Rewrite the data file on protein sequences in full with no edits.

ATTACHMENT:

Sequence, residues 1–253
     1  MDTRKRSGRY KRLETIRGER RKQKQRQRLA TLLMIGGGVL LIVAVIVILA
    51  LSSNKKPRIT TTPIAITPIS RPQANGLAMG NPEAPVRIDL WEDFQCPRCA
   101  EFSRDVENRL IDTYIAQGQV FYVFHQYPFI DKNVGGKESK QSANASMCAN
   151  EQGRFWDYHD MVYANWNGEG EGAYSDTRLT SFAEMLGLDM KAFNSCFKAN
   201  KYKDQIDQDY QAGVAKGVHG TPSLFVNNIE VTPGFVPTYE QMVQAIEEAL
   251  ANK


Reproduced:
Sequence, residues 1–253
     1  MDTRKRSGRY KRLETIRGER RKQKQRQRLA TLLMIGGGVL LIVAVIVILA
    51  LSSNKKPRIT TTPIAITPIS RPQANGLAMG NPEAPVRIDL WEDFQCPRCA
   101  EFSRDVENRL IDTYIAQGQV FYVFHQYPFI DKNVGGKESK QSANASMCAN
   151  EQGRFWDYHD MVYANWNGEG EGAYSDTRLT SFAEMLGLDM KAFNSCFKAN
   201  KYKDQIDQDY QAGVAKGVHG TPSLFVNNIE VTPGFVPTYE QMVQAIEEAL
   251  ANK